The next big shift in Reddit’s evolution may look quite familiar. Last night, the company announced the introduction of what it’s calling profile pages. This is exactly what it sounds like: a personal page tied to a username, with a feed of posts and an avatar. The change is just in the testing phase, and it’s only been rolled to Reddit co-founder Alexis Ohanian, League of Legends game developer Riot Games, and prominent user Hector Janse van Rensburg, a British painter who goes by the Reddit handle Shitty_Watercolour.
It will over time become available to every user on the platform, the company says. While cribbing from other social networks, Reddit’s new feature also specifically steers away from core aspects of Facebook and Twitter. There are no visible follower counts — only the amount of “karma,” or the numeric amount of community goodwill earned from comments and posts a user has accumulated. The owner of a profile page also has far-reaching moderation tools for discussions on their own posts, including banning and muting capabilities. Cross-posting to other subreddits will also be made easier, though that will subject any post to the moderator rules of that community.
Reddit wants to keep creations on its platform
The goal is to encourage users to think of Reddit as more than just a destination for discussion as part of a broader community. Ohanian and product manager Lei Gong tell The Verge that it’s about encouraging people to think of Reddit as a place to put their creations, to engage with fans, and to cultivate a dedicated following. Part of the reason this has been lacking on Reddit over the years, Ohanian says, is because users have been so bound by the occasionally arcane rules of subreddits that they’ve been encouraged to post elsewhere — on Tumblr, Facebook, or Instagram — or not at all.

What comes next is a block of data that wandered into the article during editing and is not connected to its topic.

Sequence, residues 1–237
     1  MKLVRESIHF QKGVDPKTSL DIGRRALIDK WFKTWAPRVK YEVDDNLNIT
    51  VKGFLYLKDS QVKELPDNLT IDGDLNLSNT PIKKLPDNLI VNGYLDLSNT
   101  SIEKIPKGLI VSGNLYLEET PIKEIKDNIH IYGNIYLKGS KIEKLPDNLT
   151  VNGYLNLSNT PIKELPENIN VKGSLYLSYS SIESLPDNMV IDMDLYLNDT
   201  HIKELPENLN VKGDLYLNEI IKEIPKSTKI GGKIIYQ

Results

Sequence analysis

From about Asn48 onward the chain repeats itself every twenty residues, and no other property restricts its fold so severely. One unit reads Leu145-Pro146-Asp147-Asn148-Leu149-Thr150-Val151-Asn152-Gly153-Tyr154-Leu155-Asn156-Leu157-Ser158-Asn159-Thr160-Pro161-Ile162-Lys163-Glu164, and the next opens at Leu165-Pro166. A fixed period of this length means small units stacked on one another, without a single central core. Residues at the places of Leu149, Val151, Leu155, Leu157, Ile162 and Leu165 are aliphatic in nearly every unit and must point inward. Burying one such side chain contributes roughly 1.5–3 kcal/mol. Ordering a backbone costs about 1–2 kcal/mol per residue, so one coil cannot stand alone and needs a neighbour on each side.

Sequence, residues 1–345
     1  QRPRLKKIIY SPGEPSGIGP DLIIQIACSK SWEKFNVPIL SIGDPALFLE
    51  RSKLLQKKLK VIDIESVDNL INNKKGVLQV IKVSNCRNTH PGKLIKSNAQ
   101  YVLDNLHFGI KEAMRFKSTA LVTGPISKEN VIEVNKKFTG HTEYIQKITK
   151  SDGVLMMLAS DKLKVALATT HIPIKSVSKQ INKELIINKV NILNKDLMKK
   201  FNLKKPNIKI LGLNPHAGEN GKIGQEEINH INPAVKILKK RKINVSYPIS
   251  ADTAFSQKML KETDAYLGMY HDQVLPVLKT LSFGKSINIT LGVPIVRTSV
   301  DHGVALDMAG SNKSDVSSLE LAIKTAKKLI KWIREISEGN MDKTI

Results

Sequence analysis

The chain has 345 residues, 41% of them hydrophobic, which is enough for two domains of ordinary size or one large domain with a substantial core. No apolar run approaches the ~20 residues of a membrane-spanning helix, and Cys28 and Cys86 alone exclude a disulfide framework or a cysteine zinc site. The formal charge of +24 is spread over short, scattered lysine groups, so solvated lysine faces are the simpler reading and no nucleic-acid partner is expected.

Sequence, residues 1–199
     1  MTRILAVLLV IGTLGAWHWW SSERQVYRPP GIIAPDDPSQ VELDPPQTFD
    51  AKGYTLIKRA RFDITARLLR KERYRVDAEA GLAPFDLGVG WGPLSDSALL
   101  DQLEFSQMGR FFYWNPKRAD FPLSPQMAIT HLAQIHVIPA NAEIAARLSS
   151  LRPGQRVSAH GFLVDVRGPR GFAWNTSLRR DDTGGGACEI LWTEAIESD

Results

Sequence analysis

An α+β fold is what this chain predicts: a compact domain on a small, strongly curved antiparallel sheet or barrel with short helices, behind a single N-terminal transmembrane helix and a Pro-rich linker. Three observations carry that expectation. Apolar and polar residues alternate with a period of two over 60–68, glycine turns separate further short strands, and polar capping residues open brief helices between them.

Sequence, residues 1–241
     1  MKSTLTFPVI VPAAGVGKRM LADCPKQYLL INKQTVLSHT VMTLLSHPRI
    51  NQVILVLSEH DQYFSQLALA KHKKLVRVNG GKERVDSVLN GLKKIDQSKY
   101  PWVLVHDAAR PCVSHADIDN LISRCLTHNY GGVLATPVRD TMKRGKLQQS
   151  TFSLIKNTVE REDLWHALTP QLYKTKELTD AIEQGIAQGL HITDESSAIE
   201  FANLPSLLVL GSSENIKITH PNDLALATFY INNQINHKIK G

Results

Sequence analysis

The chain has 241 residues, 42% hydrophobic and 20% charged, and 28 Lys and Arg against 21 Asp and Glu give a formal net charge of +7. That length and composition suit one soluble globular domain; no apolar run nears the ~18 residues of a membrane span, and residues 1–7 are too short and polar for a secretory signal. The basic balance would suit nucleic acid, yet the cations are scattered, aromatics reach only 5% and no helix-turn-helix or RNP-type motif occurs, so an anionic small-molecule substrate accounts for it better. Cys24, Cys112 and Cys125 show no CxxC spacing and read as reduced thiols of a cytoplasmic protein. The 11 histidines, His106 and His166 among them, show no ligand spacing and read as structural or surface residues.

“There are so many conversations [on Reddit] that didn’t happen yet because they didn’t have the right home,” he says. “It’s always been a daunting thing for people who have to something to share.” Prior to profile pages, everything on Reddit had to be posted to a specific community, like r/politics or r/funny, with a specific set of rules enforced by moderators. “It was hard to be proactive in creating content for Reddit.”
Reddit’s standout example is Shitty_Watercolour, a now-23-year-old art student who gained a following on the site starting in 2012 using just his paintings and a self-deprecating username. He did so by responding to fan requests and by serendipitously showing up in comment sections with a custom doodle to fit the situation or topic at hand.
“One of the reasons why Shitty is awesome is because he never would have started painting anywhere else,” Ohanian says. Reddit, he adds, gives people a pseudonymous avenue to explore their passions without some of the indulgent self-promotion of other social networks and without the fear of failure. “We’re expecting lots and lots and lots of new people to try their hands at this.”